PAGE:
Keywords: Political economy,economic science,economic and social crises,wars,power of the states,heritage,climate,economic development,inequalities.,crises économiques et sociales,guerres,Science économique,Economie politique,inégalités,développement économique,climat,patrimoine,puissance des Etats
    Date: 2018–12
  6. By: : Andrew Minster; Danielle Kavanagh-Smith; Lara-Zuzan Golesorkhi (Schwartz Center for Economic Policy Analysis (SCEPA))
    Abstract: This paper recognizes additional complicating factors, like social policy and employers' power to shape job prospects, to more accurately characterize the relationship between the labor market and migration. The authors discuss the need to improve the status of unions, create state-funded jobs guarantees, and reform retirement policy to support all workers in the face of growing employer influence.
    Keywords: immigration, job markets, undocumented, compensation, immigration economics, labor
    JEL: J6 J3 J5 J7
    Date: 2018–03
  7. By: Prados de la Escosura, Leandro
    Abstract: This paper provides a long run view of human development as a capabilities measure of well-being for the last one-and-a-half centuries on the basis of an augmented historical human development index [AHHDI] that combines achievements in health, education, living standard, plus liberal democracy, and provides an alternative to the UN Human Development Index, HDI. The AHHDI shows substantial gains in world human development since 1870, especially during 1913-1970, but much room for improvement exists. Life expectancy has been the leading force behind its progress, especially until 1970. Human development spread unevenly. The absolute gap between western Europe and its offshoots plus Japan -the OECD- and the Rest of the world deepened over time, though fell in relative terms, with catching-up driven by longevity during the epidemiological transition and by democratisation thereafter. This result compares favourably with the growing income gap. Economic growth and human development do not always go hand-in-hand.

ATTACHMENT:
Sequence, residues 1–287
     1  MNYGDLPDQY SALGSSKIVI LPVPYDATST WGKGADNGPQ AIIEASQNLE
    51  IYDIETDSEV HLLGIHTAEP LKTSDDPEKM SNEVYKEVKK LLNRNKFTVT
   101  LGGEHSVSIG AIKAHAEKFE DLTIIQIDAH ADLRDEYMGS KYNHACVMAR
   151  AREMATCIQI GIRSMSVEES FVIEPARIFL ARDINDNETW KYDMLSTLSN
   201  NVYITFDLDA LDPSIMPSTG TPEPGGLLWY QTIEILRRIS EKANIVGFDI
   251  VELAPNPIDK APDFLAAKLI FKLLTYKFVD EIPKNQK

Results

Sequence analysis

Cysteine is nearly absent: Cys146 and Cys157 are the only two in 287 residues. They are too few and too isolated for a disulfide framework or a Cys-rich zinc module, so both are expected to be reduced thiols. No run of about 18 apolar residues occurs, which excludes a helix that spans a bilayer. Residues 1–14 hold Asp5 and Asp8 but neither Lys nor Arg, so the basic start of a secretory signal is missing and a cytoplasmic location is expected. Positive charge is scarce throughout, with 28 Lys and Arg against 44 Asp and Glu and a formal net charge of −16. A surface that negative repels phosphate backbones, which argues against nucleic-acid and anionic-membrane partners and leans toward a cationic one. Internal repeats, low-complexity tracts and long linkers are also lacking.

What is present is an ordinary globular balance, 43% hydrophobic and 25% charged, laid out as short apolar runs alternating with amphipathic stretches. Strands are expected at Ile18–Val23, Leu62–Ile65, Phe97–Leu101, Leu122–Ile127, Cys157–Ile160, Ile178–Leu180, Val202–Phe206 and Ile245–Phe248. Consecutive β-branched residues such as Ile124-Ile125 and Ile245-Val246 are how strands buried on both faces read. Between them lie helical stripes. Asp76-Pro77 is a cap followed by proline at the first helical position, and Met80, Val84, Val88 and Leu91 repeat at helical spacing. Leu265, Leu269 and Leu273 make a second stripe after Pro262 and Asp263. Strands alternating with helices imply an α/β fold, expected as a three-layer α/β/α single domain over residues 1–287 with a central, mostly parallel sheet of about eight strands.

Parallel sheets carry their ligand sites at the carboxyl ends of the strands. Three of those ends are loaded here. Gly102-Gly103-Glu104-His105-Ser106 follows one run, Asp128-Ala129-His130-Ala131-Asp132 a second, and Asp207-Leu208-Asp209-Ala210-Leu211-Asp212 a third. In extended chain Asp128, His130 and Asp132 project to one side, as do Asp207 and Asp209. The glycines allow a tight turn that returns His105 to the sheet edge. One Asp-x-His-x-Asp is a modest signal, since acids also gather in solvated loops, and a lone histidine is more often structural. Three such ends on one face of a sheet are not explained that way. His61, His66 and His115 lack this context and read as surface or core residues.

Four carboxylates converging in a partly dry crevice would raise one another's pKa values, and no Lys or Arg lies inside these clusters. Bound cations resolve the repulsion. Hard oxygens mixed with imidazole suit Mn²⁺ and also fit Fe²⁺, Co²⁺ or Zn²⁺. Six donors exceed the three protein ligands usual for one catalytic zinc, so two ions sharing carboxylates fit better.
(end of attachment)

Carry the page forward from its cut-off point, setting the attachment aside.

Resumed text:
Keywords: Health Transition; Human Development; Liberal democracy; Life Expectancy; schooling; Well-being
    JEL: I00 N30 O15
    Date: 2019–05
  8. By: Roger E A Farmer
    Abstract: This article surveys a subset of literature in macroeconomics which embraces the existence of multiple equilibria. This indeterminacy agenda in macroeconomics uses multiple-equilibrium models to integrate economics with psychology. Economists have long argued that business cycles are driven by shocks to the productivity of labour and capital. According to the indeterminacy agenda, the selffulfilling beliefs of financial market participants are additional fundamental factors that drive periods of prosperity and depression. The indeterminacy agenda provides a microeconomic foundation to Keynes’ General Theory that does not rely on the assumption that prices and wages are costly to change.